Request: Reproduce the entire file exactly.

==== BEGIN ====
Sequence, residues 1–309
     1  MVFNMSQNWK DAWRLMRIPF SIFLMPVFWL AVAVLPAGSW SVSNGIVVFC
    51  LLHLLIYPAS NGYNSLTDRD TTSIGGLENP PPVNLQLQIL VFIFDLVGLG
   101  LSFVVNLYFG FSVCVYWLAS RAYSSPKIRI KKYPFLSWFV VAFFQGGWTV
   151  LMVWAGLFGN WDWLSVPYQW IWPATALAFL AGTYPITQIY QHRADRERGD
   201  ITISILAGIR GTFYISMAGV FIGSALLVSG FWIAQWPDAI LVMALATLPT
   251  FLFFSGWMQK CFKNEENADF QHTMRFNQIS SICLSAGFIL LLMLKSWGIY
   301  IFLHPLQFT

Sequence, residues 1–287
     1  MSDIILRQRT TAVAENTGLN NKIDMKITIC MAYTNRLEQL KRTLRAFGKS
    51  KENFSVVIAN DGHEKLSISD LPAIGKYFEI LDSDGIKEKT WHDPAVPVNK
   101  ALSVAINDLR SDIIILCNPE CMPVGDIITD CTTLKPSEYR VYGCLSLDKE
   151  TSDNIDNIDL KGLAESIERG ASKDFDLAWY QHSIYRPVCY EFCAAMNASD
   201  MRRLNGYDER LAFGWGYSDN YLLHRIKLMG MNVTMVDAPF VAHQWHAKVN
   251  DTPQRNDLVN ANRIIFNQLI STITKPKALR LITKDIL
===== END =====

Sequence, residues 1–309
     1  MVFNMSQNWK DAWRLMRIPF SIFLMPVFWL AVAVLPAGSW SVSNGIVVFC
    51  LLHLLIYPAS NGYNSLTDRD TTSIGGLENP PPVNLQLQIL VFIFDLVGLG
   101  LSFVVNLYFG FSVCVYWLAS RAYSSPKIRI KKYPFLSWFV VAFFQGGWTV
   151  LMVWAGLFGN WDWLSVPYQW IWPATALAFL AGTYPITQIY QHRADRERGD
   201  ITISILAGIR GTFYISMAGV FIGSALLVSG FWIAQWPDAI LVMALATLPT
   251  FLFFSGWMQK CFKNEENADF QHTMRFNQIS SICLSAGFIL LLMLKSWGIY
   301  IFLHPLQFT

Sequence, residues 1–287
     1  MSDIILRQRT TAVAENTGLN NKIDMKITIC MAYTNRLEQL KRTLRAFGKS
    51  KENFSVVIAN DGHEKLSISD LPAIGKYFEI LDSDGIKEKT WHDPAVPVNK
   101  ALSVAINDLR SDIIILCNPE CMPVGDIITD CTTLKPSEYR VYGCLSLDKE
   151  TSDNIDNIDL KGLAESIERG ASKDFDLAWY QHSIYRPVCY EFCAAMNASD
   201  MRRLNGYDER LAFGWGYSDN YLLHRIKLMG MNVTMVDAPF VAHQWHAKVN
   251  DTPQRNDLVN ANRIIFNQLI STITKPKALR LITKDIL